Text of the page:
http://www.nlm.nih.gov/medlineplus/hispanicamericanhealth.html The NIH addresses health issues, including those that are environmentally linked. Additional useful links are provided.

http://www.aahiinfo.org/english/asianAmericans.php This site examines health issues of this diverse ethnic group and provides some links that address health disparities and environmentally linked health issues.

Actions

Create a healthy and safe environment for the people who visit your congregation and for volunteers and staff. Church office workers face a variety of hazards. Sunday schools often use toxic art supplies that can be easily replaced. Sextons and landscape crews are frequently asked to work with hazardous substances. It’s important for religious organizations to set a good example. Examine the cleaning, personal hygiene and other products you routinely use at home. Dispose properly of those that are hazardous. Replace with safer products that minimize impact on health and the environment and that are not tested on animals. Dispose of unused medication properly. Avoid home, church and commercial use of herbicides (weed killers) and pesticides.

Avoid routine home use of “antibacterial” products such as soaps, wipes, sprays, etc. Use them only as intended – to protect a physically compromised, vulnerable person from exposure to disease causing organisms.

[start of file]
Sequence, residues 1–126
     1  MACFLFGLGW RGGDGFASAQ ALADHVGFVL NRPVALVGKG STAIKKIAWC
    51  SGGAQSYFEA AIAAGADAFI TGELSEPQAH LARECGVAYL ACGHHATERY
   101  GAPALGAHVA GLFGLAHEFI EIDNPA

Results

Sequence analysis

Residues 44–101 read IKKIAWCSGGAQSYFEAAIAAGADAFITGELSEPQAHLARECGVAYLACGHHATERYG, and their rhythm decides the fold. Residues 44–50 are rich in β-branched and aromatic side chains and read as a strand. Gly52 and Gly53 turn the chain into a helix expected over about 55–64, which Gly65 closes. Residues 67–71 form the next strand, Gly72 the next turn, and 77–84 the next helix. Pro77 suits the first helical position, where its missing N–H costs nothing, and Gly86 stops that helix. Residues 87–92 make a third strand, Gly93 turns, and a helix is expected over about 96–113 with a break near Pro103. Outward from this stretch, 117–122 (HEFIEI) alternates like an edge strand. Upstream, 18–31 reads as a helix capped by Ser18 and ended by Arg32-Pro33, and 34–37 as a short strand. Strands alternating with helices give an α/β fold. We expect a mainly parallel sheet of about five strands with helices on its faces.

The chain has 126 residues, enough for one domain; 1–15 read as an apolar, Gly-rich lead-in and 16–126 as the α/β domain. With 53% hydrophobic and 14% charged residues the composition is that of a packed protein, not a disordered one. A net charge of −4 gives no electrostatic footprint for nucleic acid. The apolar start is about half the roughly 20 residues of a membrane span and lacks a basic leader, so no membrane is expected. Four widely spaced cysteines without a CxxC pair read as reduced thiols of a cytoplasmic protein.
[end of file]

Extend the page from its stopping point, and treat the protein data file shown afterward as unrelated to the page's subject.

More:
Develop a fact sheet for your congregation to guide them in purchasing, using, and disposing of potentially toxic or hazardous materials. Contact your municipality or public health department for information about disposal procedures and sites in your area.
Encourage responsible contributions to shelters and pantries that minimize environmental toxins and pollutants.

Develop a religious education session(s) that addresses environmental justice.
Advocate for municipal hazardous waste education and collection for your locality.
Identify industries in your area that potentially place workers at undue risk. Contact unions, health centers, migrant organizations to find out how you can work with them to improve conditions.

Organize a walk through areas of your community that are locally labeled “wealthy”, “middle class”, “working class” and “poor”. Note differences in parks and green space, schools, lighting, and general atmosphere.

Compare the number of chain grocery stores in neighborhoods to number of “convenience” stores. Walk through the grocery stores and see the type and quality of foods there. Compare to convenience stores and to where you typically shop.

Establish a church policy that advocates cleaning products that minimize the introduction of toxic and potentially toxic substances into the environment.

Ask the church board to address the issue of chemical sensitivity for your congregation.

Advocate for:

  • Better regulation for and monitoring of industrial agricultural operations, especially those that produce
    animals for food.
  • Stricter laws to address the issue of toxic pesticide drift.